We are seeing an increase after a welcomed decline, Nefcy said.

The first known case of the South African variant in Michigan was reported Tuesday in a boy living in Jackson County. The B.1.351 strain is believed to be more infectious and is now in at least 20 states, according to the Centers for Disease Control and Prevention.

Health officials said there is no indication that the variant is more deadly or causes more severe illness, but higher transmission rates could increase hospitalizations and deaths if the new variants become widespread.

Nefcy said several other variants are in northern Michigan and may be contributing to the gradual increase in cases.

Read Also: Is Covid Vaccine Safe For Elderly

America’s Vaccination Campaign Accelerates

The United States last week administered an average of 2.5 million Covid-19 vaccine doses per dayup from an average of 2 million vaccine doses per day at the beginning of March, according to Bloomberg‘s Vaccine Tracker.

If the United States continues to administer vaccine does at this pace, the country would surpass President Biden’s new goal of administering 200 million doses before his 100th day in officean increase from the 100 million dose target that Biden had announced at the time of his inauguration.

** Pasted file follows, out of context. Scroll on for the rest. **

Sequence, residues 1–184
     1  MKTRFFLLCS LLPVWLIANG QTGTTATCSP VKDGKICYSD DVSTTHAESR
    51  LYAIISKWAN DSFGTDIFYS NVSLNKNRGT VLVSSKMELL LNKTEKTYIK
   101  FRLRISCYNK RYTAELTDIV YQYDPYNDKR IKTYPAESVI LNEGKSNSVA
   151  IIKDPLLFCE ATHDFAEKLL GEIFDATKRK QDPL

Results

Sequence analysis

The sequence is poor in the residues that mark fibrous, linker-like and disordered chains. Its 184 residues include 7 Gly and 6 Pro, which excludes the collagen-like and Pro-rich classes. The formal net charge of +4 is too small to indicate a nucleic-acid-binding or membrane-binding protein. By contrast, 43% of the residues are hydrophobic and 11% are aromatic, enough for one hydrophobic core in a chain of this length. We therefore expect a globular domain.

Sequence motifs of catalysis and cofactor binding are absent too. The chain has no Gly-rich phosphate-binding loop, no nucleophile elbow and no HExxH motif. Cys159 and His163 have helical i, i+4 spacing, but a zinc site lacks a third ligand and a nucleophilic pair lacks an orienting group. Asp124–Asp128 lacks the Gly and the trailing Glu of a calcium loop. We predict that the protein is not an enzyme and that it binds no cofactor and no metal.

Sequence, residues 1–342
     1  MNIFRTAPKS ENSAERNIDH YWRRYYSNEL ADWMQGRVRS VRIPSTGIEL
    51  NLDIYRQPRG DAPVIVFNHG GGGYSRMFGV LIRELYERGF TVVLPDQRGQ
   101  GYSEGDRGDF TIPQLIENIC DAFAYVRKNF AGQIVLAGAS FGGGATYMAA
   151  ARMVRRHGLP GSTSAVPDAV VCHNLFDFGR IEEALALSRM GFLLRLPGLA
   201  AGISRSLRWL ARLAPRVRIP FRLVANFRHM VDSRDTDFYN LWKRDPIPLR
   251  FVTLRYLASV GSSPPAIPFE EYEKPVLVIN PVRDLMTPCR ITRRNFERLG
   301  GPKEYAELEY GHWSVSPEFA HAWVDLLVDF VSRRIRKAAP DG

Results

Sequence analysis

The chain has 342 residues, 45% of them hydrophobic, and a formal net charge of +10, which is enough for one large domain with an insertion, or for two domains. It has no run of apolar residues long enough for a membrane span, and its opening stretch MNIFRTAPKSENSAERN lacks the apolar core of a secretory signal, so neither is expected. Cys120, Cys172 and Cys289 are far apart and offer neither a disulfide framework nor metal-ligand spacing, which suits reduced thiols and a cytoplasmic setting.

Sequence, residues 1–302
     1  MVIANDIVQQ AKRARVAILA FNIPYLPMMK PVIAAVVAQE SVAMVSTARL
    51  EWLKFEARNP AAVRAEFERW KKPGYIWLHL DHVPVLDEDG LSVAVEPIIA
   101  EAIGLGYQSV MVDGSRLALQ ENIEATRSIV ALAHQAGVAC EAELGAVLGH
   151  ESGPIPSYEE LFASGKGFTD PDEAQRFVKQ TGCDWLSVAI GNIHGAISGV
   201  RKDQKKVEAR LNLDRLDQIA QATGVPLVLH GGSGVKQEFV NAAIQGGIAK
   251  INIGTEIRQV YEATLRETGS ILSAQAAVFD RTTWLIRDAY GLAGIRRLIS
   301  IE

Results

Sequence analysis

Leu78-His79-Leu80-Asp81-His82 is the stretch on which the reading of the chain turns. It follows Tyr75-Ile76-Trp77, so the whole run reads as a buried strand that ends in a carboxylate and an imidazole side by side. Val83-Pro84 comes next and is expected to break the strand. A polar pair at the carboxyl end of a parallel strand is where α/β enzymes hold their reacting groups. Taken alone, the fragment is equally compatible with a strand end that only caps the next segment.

Biden announced the updated goal during a news conference Thursday, the New York Times reports.;

According to CDCdata, about 133.3 million doses of the vaccines had been administered in the United states as of Thursday morning. About 87.3 million Americans had received at least one dose, and about 47.4 million had been fully vaccinated, the data shows.

Overall, 26% of the U.S. population has received at least one dose of a Covid-19 vaccine, and 14.3% have been fully vaccinated as of Thursday morning, the data shows. When broken down by age groups, the data shows 71% of Americans ages 65 and olderwho are among the most vulnerable to severe cases of Covid-19have received at least one dose of a Coivd-19 vaccine, and more than 44% have been fully vaccinated against the coronavirus.